Even though the Pennsylvania Business Corporation Law allows alternate ways to meet, many people (including me) are uncertain whether the specific language in the bylaws needs to be followed. In many communities that staged virtual meetings and elections, the outcomes were challenged by people who insisted they had to be in person, or that notice needed to be written. For the last few years, lots of communities sent out electronic notices, and held meetings and elections over Zoom. But none of us have been completely comfortable doing these things.

Permission for Electronic Notice and Virtual Meetings

The best thing that Act 115 does is give formal permission for electronic notice and virtual annual meetings. Section 3308(a) of the Condominium Act (5308(a) of the UPCA) says:

The notice of a meeting may be delivered by electronic means if the unit owner has agreed in writing to accept the notice by electronic means or where the bylaws permit electronic notices.

This means that an association can keep a record of who wants to receive electronic notice, and who does not. Keep in mind that unit owners need to “opt in” to electronic notice.

Act 115 also formally permits virtual annual meetings. It says:

Use of remote technology.–Except as otherwise provided in the bylaws, an individual may participate in a meeting of the executive board or association by means of a conference telephone or other remote electronic technology, including the Internet, which allows participants in the meeting to hear each other. Participation in a meeting as authorized under this subsection shall be deemed in-person attendance at the meeting.

Permission for Electronic and Absentee Voting

Many associations have a problem with the difference between a “proxy” and an “absentee ballot.” Many unit owners would just like to fill out a ballot and drop it at the community building or email it to the property manager. Act 115 allows electronic and absentee ballots. It says:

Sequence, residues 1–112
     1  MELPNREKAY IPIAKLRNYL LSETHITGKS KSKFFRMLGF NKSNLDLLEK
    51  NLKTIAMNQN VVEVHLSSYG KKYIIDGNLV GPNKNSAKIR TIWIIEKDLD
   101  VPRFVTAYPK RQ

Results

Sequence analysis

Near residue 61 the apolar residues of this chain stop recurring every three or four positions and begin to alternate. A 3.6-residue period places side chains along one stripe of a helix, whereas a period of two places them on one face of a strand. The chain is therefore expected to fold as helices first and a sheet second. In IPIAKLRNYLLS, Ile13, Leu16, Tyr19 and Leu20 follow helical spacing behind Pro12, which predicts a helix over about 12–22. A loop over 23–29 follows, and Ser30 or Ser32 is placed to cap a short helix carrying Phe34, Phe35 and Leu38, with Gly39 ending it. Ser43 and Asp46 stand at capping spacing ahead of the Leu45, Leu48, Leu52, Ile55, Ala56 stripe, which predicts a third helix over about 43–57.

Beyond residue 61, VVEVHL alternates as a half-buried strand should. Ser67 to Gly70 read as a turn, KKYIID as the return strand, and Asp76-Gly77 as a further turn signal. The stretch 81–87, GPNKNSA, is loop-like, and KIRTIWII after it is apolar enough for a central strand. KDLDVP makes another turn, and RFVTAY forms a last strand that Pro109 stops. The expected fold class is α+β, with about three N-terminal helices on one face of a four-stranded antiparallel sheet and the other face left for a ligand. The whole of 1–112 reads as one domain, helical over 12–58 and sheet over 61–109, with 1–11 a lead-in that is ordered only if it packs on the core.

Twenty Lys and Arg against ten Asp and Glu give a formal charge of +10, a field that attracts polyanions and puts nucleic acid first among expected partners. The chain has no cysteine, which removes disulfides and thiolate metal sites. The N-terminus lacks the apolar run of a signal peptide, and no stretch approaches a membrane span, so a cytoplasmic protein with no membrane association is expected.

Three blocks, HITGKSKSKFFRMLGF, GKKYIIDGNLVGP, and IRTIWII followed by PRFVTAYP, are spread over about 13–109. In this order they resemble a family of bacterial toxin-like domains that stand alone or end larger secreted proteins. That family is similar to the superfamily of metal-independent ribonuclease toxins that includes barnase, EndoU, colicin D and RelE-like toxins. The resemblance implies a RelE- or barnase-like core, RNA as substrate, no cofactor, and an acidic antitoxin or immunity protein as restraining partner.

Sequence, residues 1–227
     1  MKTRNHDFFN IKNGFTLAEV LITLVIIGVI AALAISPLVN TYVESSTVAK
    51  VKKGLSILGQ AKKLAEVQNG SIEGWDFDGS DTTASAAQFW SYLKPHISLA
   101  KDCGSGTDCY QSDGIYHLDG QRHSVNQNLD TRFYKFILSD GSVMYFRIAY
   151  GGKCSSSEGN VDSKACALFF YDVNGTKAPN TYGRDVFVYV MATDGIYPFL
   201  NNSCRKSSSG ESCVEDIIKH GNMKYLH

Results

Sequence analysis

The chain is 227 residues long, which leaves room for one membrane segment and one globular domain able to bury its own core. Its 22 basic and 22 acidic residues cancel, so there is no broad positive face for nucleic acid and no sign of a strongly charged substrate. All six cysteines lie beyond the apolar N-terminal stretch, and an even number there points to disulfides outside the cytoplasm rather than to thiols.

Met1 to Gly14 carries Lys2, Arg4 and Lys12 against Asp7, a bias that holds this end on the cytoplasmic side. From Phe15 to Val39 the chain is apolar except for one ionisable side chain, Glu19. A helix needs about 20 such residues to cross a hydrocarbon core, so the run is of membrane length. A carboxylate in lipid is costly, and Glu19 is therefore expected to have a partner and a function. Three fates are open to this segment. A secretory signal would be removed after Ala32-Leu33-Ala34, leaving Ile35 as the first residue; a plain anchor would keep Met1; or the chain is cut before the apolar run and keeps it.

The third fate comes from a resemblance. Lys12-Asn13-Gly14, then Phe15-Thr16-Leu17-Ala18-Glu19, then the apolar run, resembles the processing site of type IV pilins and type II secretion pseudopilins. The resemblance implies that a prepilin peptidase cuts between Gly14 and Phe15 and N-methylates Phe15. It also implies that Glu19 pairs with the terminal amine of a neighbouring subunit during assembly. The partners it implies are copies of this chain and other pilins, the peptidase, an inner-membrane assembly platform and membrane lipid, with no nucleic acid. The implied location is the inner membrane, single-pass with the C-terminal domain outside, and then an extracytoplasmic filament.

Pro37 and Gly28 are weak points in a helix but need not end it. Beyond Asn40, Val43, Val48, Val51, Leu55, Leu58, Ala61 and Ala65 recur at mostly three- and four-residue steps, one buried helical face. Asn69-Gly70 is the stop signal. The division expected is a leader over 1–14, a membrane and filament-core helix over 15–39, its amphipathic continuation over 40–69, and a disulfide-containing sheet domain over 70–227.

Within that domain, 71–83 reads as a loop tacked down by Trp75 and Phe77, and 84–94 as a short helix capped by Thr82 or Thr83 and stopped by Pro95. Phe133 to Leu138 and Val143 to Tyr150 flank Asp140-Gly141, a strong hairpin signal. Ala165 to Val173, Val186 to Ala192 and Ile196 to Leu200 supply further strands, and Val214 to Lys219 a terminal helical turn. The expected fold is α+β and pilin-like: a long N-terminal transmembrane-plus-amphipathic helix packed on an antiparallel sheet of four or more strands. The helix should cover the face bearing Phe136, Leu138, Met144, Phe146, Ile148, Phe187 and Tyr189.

Approved methods of voting.–The voting rights of a unit owner may be cast or given in the following ways: in person or by proxy at a meeting of the association or by absentee or electronic ballot. An absentee or electronic ballot may:

  1. be counted as a unit owner present and voting for the purpose of establishing a quorum, and otherwise, only for agenda items appearing on the ballot.
  2. not be counted even if properly delivered, if the unit owner attends the meeting to vote in person. A vote cast at a meeting by a unit owner supersedes a vote submitted by absentee or electronic ballot previously submitted.

The practical question is “How reliable is an electronic ballot?” The amendments say:

The term “electronic ballot” means a ballot cast or given by electronic transmission over the internet, vote management system or the Association’s community network, whether by direct connection, intranet, telecopier, electronic mail or other technological means, if the identity of the Unit Owner submitting the ballot can be confirmed and a receipt of the electronic transmission and ballot can be made available to the Unit Owner.

These last parts – confirming the identity of the unit owner and providing a receipt, might take some work. If a unit owner is emailing a ballot, it is easy enough to confirm their identity and provide a receipt. But if the meeting was held on Zoom, that might be much more difficult.

Finally, the Act also allows for election by “acclamation” if only one person is running. It says:

Acclamation.– In the event that an election for a position on the Executive Board is uncontested, the officer or chair presiding at the election meeting may declare the nominee elected by acclamation after determining there are no further nominations.

Help to Achieve a Quorum for Elections

Act 115 may also help associations who have difficulty getting a quorum for their meetings. The amendments provide that if an association fails to get a quorum at two “subsequent” (which is probably not the word they were looking for) meetings, it can establish a quorum according to §5756 of the Corporation Law. This section says that whoever shows up for a meeting that has been adjourned for lack of a quorum gets to be counted as a quorum.

This means that an association can try two times to get enough people out to vote. If they cannot establish a quorum, then they can hold a third meeting. At that third meeting, anyone who shows up counts as a quorum. Of course, holding three meetings seems like a lot of work (and it is). But with electronic notice, it can help associations that have not held elections for years actually have a legitimate election.

The changes that I have discussed in this article are all positive. They allow the association to be flexible in holding their meetings and gathering votes. Act 115 gives permission for associations to hold meetings the way that they want to, or gives them cover for the way they have been doing things since the start of COVID.

In Part Two of this article, I will go over some of the ways that Act 115 makes things harder, more costly, or potentially more controversial for associations.